Course schedule

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This course introduces to the technologies of scientific research, to teach the students to present the results of their studies in the format that is acknowledged by other researchers from the field of Machine Learning and Data Analysis. The expected result of the course is a research paper, submitted to a peer-reviewed journal from the list of the Higher Attestation Commission.

  • A student is willing to learn to formally state research problems, find adequate references, generate novel and significant ideas for problem solving.
  • An advisor helps the student with technical issues, consults the student on topics of machine learning, promptly reacts to arising problems, performs evaluations and grading. Each advisor is supposed to possess sufficient publishing experience. Ideally, the advisor is writing paper on the adjacent topic. It is recommended to organize weekly reviewing process in such way that a student would input the corrections himself.
  • An expert guarantees novelty and importance of the paper, suggests the problems, provides data.


  • General: to learn how to convey author's message to the reader in a clear way.
  • Practical: to publish a scientific paper, to be welcome in the research society.


  1. Research paper in a peer-reviewed scientific journal
  2. Computational experiment with analysis and code to reproduce it
  3. Slides with a brief comprehensive results
  4. Video of the presentation speech

Schedule, Spring 2021

Date N To be done Result to discuss Symbol
February 11 1 Set the workflow, schedule, tools. List of participants. Subscribed to the schedule
18 2 Select a project. Tools are ready to use. The project initial status is set. Set the record
25 3 List references, write Abstract, Introduction, LinkReview. Abstract, Introduction, References in bib-file. Abstract, Introduction, Literature
March 4 4 State a problem, write a description of your basic algorithm, prepare your computational experiment. Write the problem statement, write the basic algorithm description. Problem statement
11 5 Set goals and plan report of your computational experiment. Run basic code. Write down results. Goals of the experiment. Basic code, draft report on the basic algorithm. Ready to the first checkpoint. Update, eXperiment palning, Basic code, Report, cHeck-1
18 6 Set your computational experiment using proposed algorithm and your previous results. Code, visual presentation of results, error and quality analysis. Create a draft of your presentation for 2-3 minutes. Code, Visualization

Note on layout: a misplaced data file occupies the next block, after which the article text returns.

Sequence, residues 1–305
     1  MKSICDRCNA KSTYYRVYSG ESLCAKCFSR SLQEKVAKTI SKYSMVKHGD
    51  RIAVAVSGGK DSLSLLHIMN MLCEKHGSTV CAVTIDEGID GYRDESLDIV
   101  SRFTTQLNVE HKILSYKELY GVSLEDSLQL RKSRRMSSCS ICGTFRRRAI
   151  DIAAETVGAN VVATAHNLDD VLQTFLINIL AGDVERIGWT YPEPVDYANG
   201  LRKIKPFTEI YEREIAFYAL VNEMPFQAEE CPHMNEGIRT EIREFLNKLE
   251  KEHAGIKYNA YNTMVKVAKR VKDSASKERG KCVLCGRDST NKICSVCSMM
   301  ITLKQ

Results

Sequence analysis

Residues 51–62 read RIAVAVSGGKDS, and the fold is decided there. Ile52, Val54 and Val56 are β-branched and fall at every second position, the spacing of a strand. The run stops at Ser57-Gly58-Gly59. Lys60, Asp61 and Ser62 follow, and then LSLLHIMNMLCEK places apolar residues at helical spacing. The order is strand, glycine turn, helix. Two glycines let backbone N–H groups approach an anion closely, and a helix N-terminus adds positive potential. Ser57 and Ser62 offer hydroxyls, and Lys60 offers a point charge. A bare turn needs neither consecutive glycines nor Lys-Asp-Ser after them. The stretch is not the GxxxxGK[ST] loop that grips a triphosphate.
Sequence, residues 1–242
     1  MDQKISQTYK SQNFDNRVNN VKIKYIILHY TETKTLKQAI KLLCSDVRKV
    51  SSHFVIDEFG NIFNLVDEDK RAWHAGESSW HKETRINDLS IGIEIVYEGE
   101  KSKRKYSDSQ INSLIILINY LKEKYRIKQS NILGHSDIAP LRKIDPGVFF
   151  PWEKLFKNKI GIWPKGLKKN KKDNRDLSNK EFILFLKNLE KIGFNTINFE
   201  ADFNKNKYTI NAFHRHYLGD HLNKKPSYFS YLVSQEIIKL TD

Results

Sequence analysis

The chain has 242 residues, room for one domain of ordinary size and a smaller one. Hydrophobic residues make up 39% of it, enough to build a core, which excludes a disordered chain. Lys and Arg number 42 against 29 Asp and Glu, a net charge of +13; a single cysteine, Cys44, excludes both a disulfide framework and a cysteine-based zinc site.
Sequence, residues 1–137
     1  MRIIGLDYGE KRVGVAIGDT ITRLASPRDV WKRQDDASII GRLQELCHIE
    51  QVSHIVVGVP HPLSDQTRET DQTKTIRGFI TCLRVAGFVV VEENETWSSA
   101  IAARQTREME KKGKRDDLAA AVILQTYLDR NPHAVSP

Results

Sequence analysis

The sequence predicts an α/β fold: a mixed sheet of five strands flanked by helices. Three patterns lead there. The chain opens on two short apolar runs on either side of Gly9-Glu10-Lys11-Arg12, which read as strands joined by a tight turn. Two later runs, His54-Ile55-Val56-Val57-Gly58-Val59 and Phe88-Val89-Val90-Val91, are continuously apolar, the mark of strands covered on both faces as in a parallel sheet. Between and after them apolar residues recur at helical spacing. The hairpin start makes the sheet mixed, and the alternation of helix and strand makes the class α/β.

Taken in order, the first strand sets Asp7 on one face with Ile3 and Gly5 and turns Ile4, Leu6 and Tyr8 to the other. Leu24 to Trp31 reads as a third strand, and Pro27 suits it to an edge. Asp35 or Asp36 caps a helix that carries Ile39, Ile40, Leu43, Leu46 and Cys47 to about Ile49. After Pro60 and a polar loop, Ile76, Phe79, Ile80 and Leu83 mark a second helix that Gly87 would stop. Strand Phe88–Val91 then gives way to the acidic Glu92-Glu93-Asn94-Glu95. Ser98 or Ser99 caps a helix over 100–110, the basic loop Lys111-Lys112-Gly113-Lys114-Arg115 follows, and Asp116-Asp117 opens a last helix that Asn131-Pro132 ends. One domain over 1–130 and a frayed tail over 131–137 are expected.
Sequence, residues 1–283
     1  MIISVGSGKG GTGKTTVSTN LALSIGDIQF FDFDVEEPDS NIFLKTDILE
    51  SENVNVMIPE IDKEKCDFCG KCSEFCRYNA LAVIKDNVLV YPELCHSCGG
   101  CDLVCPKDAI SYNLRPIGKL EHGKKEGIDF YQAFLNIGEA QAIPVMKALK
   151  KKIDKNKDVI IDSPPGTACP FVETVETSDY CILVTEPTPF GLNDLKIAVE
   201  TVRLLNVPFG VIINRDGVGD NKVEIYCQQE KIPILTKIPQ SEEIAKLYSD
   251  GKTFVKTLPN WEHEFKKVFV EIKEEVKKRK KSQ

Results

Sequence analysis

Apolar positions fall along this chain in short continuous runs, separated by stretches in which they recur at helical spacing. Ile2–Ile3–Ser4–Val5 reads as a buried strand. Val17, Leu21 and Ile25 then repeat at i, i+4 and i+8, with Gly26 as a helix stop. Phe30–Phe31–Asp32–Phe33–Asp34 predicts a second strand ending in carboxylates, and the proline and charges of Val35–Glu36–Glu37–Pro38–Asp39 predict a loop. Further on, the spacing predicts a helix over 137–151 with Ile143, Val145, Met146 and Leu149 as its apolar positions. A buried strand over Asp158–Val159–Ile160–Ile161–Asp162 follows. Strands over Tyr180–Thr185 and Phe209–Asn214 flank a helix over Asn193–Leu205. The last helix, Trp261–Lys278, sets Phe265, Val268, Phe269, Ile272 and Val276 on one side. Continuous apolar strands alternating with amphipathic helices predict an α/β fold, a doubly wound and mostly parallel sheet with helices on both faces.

25 7 Describe the algorithm. The theory and and algorithms of the paper. Theory
April 1 8 Finalise the computational experiment. The experiment description with error analysis. Error
8 9 Prepare the theoretical part and computational experiment. Explain the figures, write conclusions. Ready to the second checkpoint. The paper draft with the sections Computational experiment and Conclusions. Checkpoint. Document, cHeck-2
15 10 The paper is ready for Review. Your paper is ready to the peer-review. RevieW
22 11 Finalization The paper and slides are subjects to submit. Journal, Slides
29 12 Prepare your presentation. Presentation day. Final show


  1. The workflow goes around each week, see Todo list.
  2. The iterative consultations and delivery of results are highly welcome! Start during the weekends.
  3. Deadline of the last version is: Wednesday 6:00am. The review goes on Wednesday working day.
  4. Each symbol A gives +1 according the system (А-, А, А+). No symbol gives A0.


  1. Student's workload depends on the group and can vary from 54 to 200 hours
    • The group of the MIPT Intelligent Systems Department is 74-128 hours
    • The group of the MIPT Faculty of Innovation and Technologies is 200 hours (expended software system and deployment part).
  2. Consultants are expected to make one-hour meeting weekly and promptly to student's questions. So it makes 12 to 16 hours.
  3. Expert is expected to state the problem and evaluate the delivery. It makes negative workload: for a problem the expert solves as a daily routine some delivery appears after several months of synchronized work. The quality of the stated problem matters.